Earlier in the Bush Administration, when the long commission reports were being published explaining how
Look at State Department spokesman Sean McCormack’s comments last week.
“It’s very clear that there’s a transition underway from Fidel Castro to some other form of government. Unfortunately, at the moment, that form of government is not an elected democracy.”
It used to be that “transition” was good, and “succession” was bad. Easy to understand, and right in line with the normal meaning of the terms.
I don’t think it does the
Didn’t think so.
Anyway, why would the Administration fool with its terminology? I have two guesses.
First, the Administration is clearly engaging in what Senator Obama would call “the audacity of hope.” Back to Mr. McCormack at the State Department:
“Very often, when you have dictatorships that are undergoing change, there are possibilities for change…much of this will be up to the Cuban people working with the international community to help build democratic institutions…”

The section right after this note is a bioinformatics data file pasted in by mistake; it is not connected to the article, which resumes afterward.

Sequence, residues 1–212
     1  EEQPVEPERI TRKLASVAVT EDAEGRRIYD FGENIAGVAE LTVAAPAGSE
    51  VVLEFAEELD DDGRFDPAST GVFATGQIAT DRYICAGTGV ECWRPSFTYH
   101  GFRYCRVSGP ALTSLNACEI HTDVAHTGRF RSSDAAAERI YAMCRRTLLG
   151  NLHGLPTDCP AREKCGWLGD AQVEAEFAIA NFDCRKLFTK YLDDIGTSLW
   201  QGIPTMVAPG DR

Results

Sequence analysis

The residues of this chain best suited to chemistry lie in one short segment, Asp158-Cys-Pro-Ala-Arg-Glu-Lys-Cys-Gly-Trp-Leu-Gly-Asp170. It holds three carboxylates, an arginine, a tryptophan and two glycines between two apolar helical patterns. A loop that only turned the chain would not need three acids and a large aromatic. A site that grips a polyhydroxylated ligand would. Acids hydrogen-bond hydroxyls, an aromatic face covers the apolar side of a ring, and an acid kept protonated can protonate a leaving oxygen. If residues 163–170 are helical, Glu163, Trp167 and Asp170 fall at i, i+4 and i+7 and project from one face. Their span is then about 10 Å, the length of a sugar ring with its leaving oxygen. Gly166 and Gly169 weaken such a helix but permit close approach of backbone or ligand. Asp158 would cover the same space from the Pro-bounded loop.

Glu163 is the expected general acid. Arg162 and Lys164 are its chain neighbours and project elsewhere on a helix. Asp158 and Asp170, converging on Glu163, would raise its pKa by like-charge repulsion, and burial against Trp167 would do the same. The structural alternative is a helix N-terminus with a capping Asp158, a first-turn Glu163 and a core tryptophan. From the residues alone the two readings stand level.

In other words, the idea is to keep the focus on the concept of change – You fired up? – rather than acknowledge that all we have seen is leadership change within the same system.
More important, the new terminology helps to bury the rhetorical track record established earlier in the Bush Administration.
The 2004 commission report was supposed to “accelerate the demise of Castro’s tyranny,” Secretary Rice said. The report included measures to “undermine the regime’s succession strategy.” And on the day it was released, it was said from Mr. McCormack’s own podium that “there will not be a succession” in
We’ll see what happens tomorrow, and who accepts what.